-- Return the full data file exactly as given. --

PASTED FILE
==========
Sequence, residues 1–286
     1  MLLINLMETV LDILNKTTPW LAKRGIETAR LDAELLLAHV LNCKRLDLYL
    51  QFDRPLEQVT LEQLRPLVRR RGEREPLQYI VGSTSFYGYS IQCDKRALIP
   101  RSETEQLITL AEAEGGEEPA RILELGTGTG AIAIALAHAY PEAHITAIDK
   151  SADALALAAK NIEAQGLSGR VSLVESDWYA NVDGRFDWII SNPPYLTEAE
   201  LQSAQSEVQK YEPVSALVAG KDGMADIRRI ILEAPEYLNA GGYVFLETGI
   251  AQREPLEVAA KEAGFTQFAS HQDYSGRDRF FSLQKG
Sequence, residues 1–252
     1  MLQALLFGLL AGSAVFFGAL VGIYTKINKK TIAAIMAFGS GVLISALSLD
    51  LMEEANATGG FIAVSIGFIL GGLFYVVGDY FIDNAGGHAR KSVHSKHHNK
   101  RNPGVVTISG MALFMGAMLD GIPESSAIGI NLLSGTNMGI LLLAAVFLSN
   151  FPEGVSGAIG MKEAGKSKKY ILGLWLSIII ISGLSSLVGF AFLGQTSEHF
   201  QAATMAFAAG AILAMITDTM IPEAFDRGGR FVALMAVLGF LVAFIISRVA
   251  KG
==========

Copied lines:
Sequence, residues 1–286
     1  MLLINLMETV LDILNKTTPW LAKRGIETAR LDAELLLAHV LNCKRLDLYL
    51  QFDRPLEQVT LEQLRPLVRR RGEREPLQYI VGSTSFYGYS IQCDKRALIP
   101  RSETEQLITL AEAEGGEEPA RILELGTGTG AIAIALAHAY PEAHITAIDK
   151  SADALALAAK NIEAQGLSGR VSLVESDWYA NVDGRFDWII SNPPYLTEAE
   201  LQSAQSEVQK YEPVSALVAG KDGMADIRRI ILEAPEYLNA GGYVFLETGI
   251  AQREPLEVAA KEAGFTQFAS HQDYSGRDRF FSLQKG
Sequence, residues 1–252
     1  MLQALLFGLL AGSAVFFGAL VGIYTKINKK TIAAIMAFGS GVLISALSLD
    51  LMEEANATGG FIAVSIGFIL GGLFYVVGDY FIDNAGGHAR KSVHSKHHNK
   101  RNPGVVTISG MALFMGAMLD GIPESSAIGI NLLSGTNMGI LLLAAVFLSN
   151  FPEGVSGAIG MKEAGKSKKY ILGLWLSIII ISGLSSLVGF AFLGQTSEHF
   201  QAATMAFAAG AILAMITDTM IPEAFDRGGR FVALMAVLGF LVAFIISRVA
   251  KG